More MS news articles for Oct 2001

GAO Report Shows Disabled Denied Voting Access

GAO Report Shows Disabled Are Denied Voting Access; 57 Percent of Voting Jurisdictions Report Problems for Voters with Disabilities

16 Oct 15:36
U.S. Newswire

WASHINGTON, Oct. 16 /U.S. Newswire/ -- A report requested by top lawmakers in Congress and released yesterday from the U.S. General Accounting Office (GAO) has found that 57 percent of voting jurisdictions experienced problems conducting the 2000 federal elections. These problems included widespread inaccessibility for people in wheelchairs or with vision or hearing impairments. The GAO has been investigating the voting barriers since the beginning of this year.

"The GAO's report is hardly news to the millions of Americans with disabilities. We have been struggling for years to get local election officials to give us adequate access to polling places," said Jim Dickson of the Disability Vote Project for the American Association of People with Disabilities (AAPD).

"Over one half of all polling places in America are not fully accessible to people in wheelchairs," continued Dickson. "And for the 10 million blind and low vision Americans, exercising the right to vote does not currently include casting an independent secret ballot."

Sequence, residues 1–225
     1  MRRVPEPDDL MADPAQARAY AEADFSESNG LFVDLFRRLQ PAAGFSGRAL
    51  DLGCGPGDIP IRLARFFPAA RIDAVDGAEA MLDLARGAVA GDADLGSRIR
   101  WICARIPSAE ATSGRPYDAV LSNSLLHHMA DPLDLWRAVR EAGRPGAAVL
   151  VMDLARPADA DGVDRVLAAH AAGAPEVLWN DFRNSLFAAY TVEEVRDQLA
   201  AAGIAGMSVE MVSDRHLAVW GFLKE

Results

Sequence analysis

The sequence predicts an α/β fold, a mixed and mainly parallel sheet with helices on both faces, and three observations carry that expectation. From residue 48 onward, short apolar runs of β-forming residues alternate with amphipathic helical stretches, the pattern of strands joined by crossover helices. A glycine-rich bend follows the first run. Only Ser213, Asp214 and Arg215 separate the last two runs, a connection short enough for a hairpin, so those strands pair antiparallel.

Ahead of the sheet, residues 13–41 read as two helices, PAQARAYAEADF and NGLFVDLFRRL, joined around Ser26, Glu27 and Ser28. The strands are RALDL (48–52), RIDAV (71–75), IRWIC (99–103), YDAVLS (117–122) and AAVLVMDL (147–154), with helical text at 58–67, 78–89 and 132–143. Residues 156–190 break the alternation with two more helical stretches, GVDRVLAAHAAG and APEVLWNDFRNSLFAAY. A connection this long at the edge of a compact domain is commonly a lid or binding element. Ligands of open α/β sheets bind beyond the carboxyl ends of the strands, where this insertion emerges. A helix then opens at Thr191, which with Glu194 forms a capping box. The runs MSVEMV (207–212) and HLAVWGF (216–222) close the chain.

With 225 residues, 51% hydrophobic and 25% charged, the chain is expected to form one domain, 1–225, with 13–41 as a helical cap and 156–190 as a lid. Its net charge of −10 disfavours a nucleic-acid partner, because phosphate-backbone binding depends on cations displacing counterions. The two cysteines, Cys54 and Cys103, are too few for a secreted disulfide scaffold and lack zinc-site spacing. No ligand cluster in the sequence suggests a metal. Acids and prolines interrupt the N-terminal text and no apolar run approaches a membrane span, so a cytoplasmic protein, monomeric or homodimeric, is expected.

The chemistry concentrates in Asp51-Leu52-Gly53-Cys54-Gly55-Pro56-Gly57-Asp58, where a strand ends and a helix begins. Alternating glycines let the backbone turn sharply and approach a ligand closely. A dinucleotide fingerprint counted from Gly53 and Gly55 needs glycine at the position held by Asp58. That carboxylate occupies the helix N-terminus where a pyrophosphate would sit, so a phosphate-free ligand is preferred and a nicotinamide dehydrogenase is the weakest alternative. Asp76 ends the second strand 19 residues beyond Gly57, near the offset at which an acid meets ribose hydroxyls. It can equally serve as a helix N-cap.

Prior to yesterday's GAO report release, a coalition of groups including AAPD, the National Organization on Disability, the Eastern Paralyzed Veterans Association and the Blinded Veterans of America began class-action lawsuits against the cities of Washington, D.C. and Philadelphia, Pa. Those lawsuits ask city officials to purchase and begin using accessible voting machines. The coalition of groups has found that jurisdictions such as Harris County, Texas, the nation's third largest county, have already put accessible voting systems in place.

"We cannot afford to have our voting apparatus randomly discriminate or to have our voting system appear to breakdown for some Americans," said Dickson.

"Every eligible American has the right to vote and to have that vote counted regardless of disability or the financial resources of the community in which they live. Americans with disabilities should not have to sue every jurisdiction just to exercise the right to vote," said Dickson. "Disabled Americans are counting on Congress to make voting accessible to all eligible voters before the 2002 elections."

The American Association of People with Disabilities' (AAPD) mission is to advance the political and economic power of all people with disabilities. Visit the AAPD website at

Copyright 2001, U.S. Newswire